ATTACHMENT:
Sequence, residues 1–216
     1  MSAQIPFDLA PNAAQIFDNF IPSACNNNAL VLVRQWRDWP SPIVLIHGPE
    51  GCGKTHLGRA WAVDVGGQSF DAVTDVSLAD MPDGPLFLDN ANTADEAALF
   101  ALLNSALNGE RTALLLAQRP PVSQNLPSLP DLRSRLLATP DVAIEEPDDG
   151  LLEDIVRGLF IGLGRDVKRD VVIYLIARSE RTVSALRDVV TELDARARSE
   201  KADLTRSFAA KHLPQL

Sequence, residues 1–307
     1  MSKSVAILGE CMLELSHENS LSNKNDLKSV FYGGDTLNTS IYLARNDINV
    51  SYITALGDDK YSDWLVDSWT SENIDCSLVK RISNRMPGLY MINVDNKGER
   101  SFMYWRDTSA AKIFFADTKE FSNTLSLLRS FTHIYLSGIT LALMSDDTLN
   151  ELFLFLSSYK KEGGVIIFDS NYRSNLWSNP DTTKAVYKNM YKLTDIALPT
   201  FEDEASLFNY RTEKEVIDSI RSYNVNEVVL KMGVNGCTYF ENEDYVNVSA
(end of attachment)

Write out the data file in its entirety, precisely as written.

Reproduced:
Sequence, residues 1–216
     1  MSAQIPFDLA PNAAQIFDNF IPSACNNNAL VLVRQWRDWP SPIVLIHGPE
    51  GCGKTHLGRA WAVDVGGQSF DAVTDVSLAD MPDGPLFLDN ANTADEAALF
   101  ALLNSALNGE RTALLLAQRP PVSQNLPSLP DLRSRLLATP DVAIEEPDDG
   151  LLEDIVRGLF IGLGRDVKRD VVIYLIARSE RTVSALRDVV TELDARARSE
   201  KADLTRSFAA KHLPQL

Sequence, residues 1–307
     1  MSKSVAILGE CMLELSHENS LSNKNDLKSV FYGGDTLNTS IYLARNDINV
    51  SYITALGDDK YSDWLVDSWT SENIDCSLVK RISNRMPGLY MINVDNKGER
   101  SFMYWRDTSA AKIFFADTKE FSNTLSLLRS FTHIYLSGIT LALMSDDTLN
   151  ELFLFLSSYK KEGGVIIFDS NYRSNLWSNP DTTKAVYKNM YKLTDIALPT
   201  FEDEASLFNY RTEKEVIDSI RSYNVNEVVL KMGVNGCTYF ENEDYVNVSA